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Generating a new GPG key

If you don't have an existing GPG key, you can generate a new GPG key to use for signing commits and tags.

Supported GPG key algorithms

GitHub supports several GPG key algorithms. If you try to add a key generated with an unsupported algorithm, you may encounter an error.

Generating a GPG key

Note: Before generating a new GPG key, make sure you've verified your email address. If you haven't verified your email address, you won't be able to sign commits and tags with GPG. For more information, see "Verifying your email address."

  1. Download and install the GPG command line tools for your operating system. We generally recommend installing the latest version for your operating system.

  2. Open TerminalTerminalGit Bashthe terminal.

  3. Generate a GPG key pair. Since there are multiple versions of GPG, you many need to consult the relevant man page to find the appropriate key generation command. Your GPG key must use RSA with a key size of 4096 bits.

    • If you are on version 2.1.17 or greater, paste the text below to generate a GPG key pair.

      $ gpg --full-generate-key
    • If you are not on version 2.1.17 or greater, the gpg --full-generate-key command doesn't work. Paste the text below and skip to step 6.

      $ gpg --default-new-key-algo rsa4096 --gen-key
  4. At the prompt, specify the kind of key you want, or press Enter to accept the default RSA and RSA.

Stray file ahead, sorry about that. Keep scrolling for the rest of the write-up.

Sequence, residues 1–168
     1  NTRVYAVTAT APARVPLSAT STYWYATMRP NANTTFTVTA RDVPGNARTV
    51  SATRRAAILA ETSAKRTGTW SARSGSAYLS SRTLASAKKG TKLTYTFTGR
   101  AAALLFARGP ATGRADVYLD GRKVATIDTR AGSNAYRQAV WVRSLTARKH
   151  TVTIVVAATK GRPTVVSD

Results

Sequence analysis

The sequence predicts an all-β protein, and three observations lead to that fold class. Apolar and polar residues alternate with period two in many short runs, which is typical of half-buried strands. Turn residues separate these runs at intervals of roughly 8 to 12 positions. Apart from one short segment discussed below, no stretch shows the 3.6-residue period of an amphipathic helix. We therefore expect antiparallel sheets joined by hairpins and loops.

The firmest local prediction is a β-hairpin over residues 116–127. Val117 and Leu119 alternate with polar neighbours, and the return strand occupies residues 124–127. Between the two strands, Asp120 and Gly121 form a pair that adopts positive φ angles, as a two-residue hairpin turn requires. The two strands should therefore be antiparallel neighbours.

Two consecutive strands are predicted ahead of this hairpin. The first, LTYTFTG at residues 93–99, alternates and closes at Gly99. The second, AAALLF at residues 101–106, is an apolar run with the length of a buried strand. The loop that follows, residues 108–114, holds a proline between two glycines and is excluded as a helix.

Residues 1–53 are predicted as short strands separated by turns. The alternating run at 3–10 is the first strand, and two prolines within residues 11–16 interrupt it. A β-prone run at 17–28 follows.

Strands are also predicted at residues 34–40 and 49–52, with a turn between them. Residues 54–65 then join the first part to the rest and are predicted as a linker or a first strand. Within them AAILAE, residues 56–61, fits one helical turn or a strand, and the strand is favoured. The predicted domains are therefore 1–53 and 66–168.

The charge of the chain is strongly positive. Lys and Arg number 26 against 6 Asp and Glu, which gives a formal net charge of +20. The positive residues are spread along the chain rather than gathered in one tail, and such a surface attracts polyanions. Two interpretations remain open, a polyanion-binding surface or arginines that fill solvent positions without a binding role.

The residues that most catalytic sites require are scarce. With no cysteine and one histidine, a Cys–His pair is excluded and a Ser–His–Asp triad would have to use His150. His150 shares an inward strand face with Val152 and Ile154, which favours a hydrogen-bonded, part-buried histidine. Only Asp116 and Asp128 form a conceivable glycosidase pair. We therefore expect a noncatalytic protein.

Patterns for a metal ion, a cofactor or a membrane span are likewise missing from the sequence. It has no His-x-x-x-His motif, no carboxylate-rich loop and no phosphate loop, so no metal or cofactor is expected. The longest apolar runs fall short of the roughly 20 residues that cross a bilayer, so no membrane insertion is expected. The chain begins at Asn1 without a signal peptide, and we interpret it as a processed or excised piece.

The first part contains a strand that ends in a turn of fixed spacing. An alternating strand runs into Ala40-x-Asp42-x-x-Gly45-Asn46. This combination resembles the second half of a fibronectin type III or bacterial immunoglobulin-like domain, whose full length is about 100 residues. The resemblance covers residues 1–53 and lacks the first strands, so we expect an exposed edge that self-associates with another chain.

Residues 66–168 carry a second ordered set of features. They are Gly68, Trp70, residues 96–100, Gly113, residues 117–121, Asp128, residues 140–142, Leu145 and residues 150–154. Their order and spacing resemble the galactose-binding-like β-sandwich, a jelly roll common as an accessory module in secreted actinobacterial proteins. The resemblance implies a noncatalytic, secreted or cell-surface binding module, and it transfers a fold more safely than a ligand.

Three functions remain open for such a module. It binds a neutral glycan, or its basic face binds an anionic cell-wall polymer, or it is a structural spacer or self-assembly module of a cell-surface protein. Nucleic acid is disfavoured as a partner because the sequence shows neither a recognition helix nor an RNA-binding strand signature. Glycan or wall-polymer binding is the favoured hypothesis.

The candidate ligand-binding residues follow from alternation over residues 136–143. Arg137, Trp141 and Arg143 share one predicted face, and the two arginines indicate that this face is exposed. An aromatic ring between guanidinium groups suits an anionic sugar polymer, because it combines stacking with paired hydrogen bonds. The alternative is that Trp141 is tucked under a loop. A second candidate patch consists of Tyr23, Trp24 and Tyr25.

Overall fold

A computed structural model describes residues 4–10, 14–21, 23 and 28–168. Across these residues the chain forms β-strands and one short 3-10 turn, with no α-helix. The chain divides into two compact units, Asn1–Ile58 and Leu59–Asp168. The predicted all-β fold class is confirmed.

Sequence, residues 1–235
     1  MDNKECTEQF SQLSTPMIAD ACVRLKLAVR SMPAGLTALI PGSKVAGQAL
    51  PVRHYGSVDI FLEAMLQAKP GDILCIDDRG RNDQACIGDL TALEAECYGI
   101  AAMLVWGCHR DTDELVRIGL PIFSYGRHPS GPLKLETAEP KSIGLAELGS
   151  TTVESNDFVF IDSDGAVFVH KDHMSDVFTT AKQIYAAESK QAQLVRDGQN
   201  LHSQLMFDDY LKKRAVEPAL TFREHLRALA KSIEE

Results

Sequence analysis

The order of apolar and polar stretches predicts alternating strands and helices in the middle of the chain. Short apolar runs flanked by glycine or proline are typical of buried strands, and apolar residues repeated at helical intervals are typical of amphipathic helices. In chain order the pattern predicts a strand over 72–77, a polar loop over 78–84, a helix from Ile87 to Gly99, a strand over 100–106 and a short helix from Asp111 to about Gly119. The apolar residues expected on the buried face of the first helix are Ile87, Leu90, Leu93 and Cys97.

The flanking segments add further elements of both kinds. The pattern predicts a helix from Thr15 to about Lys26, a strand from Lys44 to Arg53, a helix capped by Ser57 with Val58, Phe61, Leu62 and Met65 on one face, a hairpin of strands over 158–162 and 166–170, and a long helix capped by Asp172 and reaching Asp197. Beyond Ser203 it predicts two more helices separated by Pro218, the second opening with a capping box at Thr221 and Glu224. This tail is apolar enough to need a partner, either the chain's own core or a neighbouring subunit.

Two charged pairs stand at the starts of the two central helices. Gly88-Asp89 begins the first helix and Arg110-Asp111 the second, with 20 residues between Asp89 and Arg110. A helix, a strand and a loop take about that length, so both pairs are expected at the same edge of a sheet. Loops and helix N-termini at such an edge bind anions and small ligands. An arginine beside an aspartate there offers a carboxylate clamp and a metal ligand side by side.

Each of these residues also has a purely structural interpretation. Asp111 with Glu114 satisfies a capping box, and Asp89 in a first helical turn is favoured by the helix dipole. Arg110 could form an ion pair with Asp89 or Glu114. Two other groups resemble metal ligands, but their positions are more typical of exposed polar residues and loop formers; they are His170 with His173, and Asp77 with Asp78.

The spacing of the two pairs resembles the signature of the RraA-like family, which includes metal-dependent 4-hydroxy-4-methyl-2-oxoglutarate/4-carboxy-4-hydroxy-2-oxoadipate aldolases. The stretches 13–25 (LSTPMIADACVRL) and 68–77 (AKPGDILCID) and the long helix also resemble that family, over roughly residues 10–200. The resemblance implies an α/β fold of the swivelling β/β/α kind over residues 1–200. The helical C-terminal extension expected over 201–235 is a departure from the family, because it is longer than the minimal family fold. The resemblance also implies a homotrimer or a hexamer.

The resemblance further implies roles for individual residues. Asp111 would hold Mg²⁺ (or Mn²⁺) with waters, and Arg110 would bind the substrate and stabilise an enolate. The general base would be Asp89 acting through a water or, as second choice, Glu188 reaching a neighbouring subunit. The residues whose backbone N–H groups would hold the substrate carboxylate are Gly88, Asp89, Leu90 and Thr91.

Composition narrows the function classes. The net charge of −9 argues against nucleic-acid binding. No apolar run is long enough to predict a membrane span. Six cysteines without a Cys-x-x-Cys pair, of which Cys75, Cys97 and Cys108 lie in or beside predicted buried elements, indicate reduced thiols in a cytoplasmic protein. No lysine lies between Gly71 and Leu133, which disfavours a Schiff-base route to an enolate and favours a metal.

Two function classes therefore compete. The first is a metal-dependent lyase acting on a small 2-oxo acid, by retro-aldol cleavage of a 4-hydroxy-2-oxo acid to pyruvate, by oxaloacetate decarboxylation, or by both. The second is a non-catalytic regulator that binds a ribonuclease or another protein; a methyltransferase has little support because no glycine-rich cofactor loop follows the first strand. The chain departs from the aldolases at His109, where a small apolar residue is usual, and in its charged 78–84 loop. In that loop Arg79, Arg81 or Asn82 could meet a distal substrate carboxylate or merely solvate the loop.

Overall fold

5. Enter the desired key size. We recommend the maximum key size of 4096.

  6. Enter the length of time the key should be valid. Press Enter to specify the default selection, indicating that the key doesn't expire.

  7. Verify that your selections are correct.

  8. Enter your user ID information.

    Note: When asked to enter your email address, ensure that you enter the verified email address for your GitHub account. To keep your email address private, use your GitHub-provided no-reply email address.

    For more information, see "Verifying your email address" and "Setting your commit email address."

  9. Type a secure passphrase.

  10. Use the gpg --list-secret-keys --keyid-format LONG command to list GPG keys for which you have both a public and private key. A private key is required for signing commits or tags.

    $ gpg --list-secret-keys --keyid-format LONG

    Note: Some GPG installations on Linux may require you to use gpg2 --list-keys --keyid-format LONG to view a list of your existing keys instead. In this case you will also need to configure Git to use gpg2 by running git config --global gpg.program gpg2.

  11. From the list of GPG keys, copy the GPG key ID you'd like to use. In this example, the GPG key ID is 3AA5C34371567BD2:

    $ gpg --list-secret-keys --keyid-format LONG
    sec   4096R/3AA5C34371567BD2 2016-03-10 [expires: 2017-03-10]
    uid                          Hubot 
    ssb   4096R/42B317FD4BA89E7A 2016-03-10
  12. Paste the text below, substituting in the GPG key ID you'd like to use. In this example, the GPG key ID is 3AA5C34371567BD2:

    $ gpg --armor --export 3AA5C34371567BD2# Prints the GPG key ID, in ASCII armor format
  13. Copy your GPG key, beginning with -----BEGIN PGP PUBLIC KEY BLOCK----- and ending with -----END PGP PUBLIC KEY BLOCK-----.

  14. Add the GPG key to your GitHub account.

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